There are no mounting height requirements in residential applications which require you to mount the receptacles at 18 inches to the center of the boxes. I recommend matching the existing height of your receptacles. In some older homes, you will find receptacles mounted horizontally in the baseboard.

 

Michael Wright asks:
I am running new romex to my bedrooms in a house that is 150 years old. What is the best way to run a bedroom circuit? I have 4 bedrooms and would prefer to put them all on their own breaker, but what is the best way. Each one will have at least 4 plugs and a ceiling fan, Should I run more than one circuit or split one between 2 bedrooms like 3 circuits per 2 bedrooms. Thank you for any help.

Answer:
It really depends on what you intend on having in your bedrooms. I typically put the master bedroom on a dedicated circuit and two bedrooms per circuit for “regular” bedrooms. If these rooms are going to be used for teenagers, then you may want to place each bedroom on a dedicated circuit. One drawback to installing dedicated circuits for each bedroom is the NEC requirement to place these rooms on arc-fault circuit interrupter (AFCI) circuits. These breakers are approximately $35.00 each compared to a standard breaker at approximately $5.00 each.

 

Q&A About Troubleshooting a GFCI Circuit, Wire Size in kcmil, Wiring 3 Lights Controlled by a Single Pole Switch and Mounting Heights for Electric Baseboard Heaters

November 25, 2009

Question John Helfer asks:
I have a new GFCI installed in a bath that won’t get power to it when the power from an existing GFCI in an adjacent bath is connected to the line of new outlet, although new outlet gets power if connected to the load. Checked, rechecked connections in both new outlet and upstream GFCI in existing bath. Everything worked fine, tested fine until couple days ago when I lost power in downstream non GFCI outlets. Circuit breaker did not trip. Any ideas?

Answer:
It’s tough to say without more information. I recommend checking voltage at each device on this circuit. Trace the entire circuit back to the breaker box if you need to. There are several things that could be wrong here. A GFCI could be wired wrong, there could be a loose connection, broken wire, bad breaker, etc.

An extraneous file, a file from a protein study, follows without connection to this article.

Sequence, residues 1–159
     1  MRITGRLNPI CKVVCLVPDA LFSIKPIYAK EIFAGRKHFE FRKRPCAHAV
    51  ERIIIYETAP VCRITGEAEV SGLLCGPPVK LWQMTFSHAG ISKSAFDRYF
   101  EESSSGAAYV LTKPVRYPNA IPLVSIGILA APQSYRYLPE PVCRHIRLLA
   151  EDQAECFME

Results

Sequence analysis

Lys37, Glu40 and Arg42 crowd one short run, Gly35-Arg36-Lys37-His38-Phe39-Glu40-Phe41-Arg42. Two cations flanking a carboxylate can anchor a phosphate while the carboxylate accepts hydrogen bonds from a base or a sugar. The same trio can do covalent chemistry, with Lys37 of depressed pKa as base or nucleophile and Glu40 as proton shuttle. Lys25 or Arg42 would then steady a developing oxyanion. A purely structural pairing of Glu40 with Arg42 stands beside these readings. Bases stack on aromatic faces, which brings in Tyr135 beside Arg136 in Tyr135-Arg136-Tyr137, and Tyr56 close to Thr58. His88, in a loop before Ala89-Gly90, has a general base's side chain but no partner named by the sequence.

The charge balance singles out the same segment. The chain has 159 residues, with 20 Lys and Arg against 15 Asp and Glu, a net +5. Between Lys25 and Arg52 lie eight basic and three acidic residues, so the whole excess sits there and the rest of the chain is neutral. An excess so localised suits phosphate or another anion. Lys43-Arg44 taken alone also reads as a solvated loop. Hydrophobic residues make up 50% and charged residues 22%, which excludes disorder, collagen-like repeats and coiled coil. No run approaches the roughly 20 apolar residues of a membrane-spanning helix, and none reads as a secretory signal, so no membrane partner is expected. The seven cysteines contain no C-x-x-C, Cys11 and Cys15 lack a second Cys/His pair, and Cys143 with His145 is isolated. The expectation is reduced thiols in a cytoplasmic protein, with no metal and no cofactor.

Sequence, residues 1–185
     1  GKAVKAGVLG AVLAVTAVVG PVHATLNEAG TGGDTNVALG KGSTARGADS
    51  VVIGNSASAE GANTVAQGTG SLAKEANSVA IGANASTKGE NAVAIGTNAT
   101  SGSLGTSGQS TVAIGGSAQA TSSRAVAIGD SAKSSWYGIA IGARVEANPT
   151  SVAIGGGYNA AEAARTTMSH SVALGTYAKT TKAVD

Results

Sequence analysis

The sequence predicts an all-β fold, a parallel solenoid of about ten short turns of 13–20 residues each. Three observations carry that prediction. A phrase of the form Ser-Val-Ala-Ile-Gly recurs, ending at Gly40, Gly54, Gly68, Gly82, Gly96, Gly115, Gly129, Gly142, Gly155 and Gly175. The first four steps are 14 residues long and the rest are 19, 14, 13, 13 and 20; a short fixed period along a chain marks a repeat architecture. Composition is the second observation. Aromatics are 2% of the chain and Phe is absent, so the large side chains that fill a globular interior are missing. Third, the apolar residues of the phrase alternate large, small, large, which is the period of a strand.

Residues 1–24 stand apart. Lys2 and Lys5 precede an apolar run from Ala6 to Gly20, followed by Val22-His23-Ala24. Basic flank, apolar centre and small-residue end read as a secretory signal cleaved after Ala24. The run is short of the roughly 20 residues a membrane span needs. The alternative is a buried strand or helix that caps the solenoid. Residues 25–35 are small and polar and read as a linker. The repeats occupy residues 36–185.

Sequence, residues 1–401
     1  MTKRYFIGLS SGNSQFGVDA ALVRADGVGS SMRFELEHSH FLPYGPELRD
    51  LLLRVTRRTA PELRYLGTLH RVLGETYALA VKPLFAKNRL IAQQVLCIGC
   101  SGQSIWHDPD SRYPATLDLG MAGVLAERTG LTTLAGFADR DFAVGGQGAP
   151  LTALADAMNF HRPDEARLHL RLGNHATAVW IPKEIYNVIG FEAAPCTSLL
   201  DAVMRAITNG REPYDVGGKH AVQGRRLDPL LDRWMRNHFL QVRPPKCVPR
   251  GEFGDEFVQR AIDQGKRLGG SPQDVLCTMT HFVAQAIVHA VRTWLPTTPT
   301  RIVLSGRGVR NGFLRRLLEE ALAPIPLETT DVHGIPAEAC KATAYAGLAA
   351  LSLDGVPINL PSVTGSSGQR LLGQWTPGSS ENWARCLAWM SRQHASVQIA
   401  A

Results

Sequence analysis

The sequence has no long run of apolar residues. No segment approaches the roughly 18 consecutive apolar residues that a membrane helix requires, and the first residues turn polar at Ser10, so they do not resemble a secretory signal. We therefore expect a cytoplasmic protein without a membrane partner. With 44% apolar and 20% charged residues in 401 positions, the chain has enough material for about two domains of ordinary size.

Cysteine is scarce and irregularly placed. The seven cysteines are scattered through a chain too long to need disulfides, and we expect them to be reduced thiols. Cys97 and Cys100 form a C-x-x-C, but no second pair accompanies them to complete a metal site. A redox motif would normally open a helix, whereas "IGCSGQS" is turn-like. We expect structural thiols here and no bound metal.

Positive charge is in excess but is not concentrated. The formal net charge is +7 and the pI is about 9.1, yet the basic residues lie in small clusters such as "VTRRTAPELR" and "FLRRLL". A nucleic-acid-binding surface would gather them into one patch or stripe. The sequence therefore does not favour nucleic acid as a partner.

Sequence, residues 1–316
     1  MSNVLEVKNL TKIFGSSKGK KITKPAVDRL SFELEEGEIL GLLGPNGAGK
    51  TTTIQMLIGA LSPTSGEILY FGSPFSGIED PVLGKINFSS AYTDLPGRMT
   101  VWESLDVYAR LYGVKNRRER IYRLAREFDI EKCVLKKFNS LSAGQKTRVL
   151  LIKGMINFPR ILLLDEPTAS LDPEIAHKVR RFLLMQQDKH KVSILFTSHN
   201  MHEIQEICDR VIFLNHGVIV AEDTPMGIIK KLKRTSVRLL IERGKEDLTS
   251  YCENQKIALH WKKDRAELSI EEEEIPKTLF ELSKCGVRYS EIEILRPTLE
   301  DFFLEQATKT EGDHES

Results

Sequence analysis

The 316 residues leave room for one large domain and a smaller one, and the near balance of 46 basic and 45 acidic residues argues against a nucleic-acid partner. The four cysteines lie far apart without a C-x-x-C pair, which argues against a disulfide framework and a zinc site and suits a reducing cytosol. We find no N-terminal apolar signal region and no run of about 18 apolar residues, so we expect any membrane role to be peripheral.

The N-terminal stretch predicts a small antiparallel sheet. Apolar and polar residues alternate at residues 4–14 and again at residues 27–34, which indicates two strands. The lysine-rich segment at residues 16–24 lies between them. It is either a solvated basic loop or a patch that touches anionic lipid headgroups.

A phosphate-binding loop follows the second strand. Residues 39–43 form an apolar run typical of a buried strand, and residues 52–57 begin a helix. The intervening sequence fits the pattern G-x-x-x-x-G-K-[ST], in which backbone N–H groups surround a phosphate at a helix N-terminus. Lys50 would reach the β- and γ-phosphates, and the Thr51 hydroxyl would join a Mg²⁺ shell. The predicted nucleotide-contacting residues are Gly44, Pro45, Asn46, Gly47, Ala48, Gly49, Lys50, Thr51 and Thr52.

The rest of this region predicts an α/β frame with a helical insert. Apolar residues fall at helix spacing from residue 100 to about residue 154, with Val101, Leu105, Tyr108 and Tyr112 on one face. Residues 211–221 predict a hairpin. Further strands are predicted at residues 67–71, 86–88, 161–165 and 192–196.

I can help you solve this problem, but I need more information. Please visit my DIY Electrical Wiring Help from a Master Electrician page.

 

Ahmed Kadhem asks:
According to NEC 2008 Chapter 9, table 8, that we can get cross section area of conductor (circular mils) from 18 AWG to 4/0 AWG. What is the cross section area of conductor (circular mils) 250 AWG?

Answer:
250,000 circular mils. You’ll notice in the “Size” column it states “(AWG or kcmil)”. One thousand circular mils = 1 kcmil. Two hundred fifty thousand circular mils = 250 kcmil and 250 AWG.

 

Wayne Carver asks:
I want to install three different lights into my ceiling in my building. How do I run the wires into one switch?

Answer:
Run power to the switch. Then from the switch to the first light. Then from the first light to the next light; etc. I wrote a few articles with step by step instructions which may help you.

  1. Wiring Diagram and Instructions to Wire a Single Pole Switch
  2. How to Wire a Recreation Room in Your Basement – Part 2: Installing the Cables
  3. How to Wire a Recreation Room in Your Basement – Part 4: Terminating the Lighting Circuits

 

Annalisa asks:
Hi, we recently had our basement done, carpet was removed and tile was installed. Our contractor raised our baseboard heaters off of the ground and it is now about 1 foot from the floor (probably a little less). It looks strange to me and I was wondering if this is normal or even safe? Do you think we should have him move it closer to the floor like normal?

Answer:
Does your basement flood? This is the only reason I can think of to raise the heaters. There is nothing in the National Electrical Code® regarding height limitations for electric baseboard heaters. Mounting electric baseboard heaters one foot or so above the floor is not normal. We typically install these heater right on the finished floor.

The only safety issue that I can come up with is clearance from drapes. Typically, electric baseboard heaters are installed directly under windows. So mounting them approximately one foot above the floor would place the heaters closer to your windows and drapes. They also can’t be placed under a receptacle.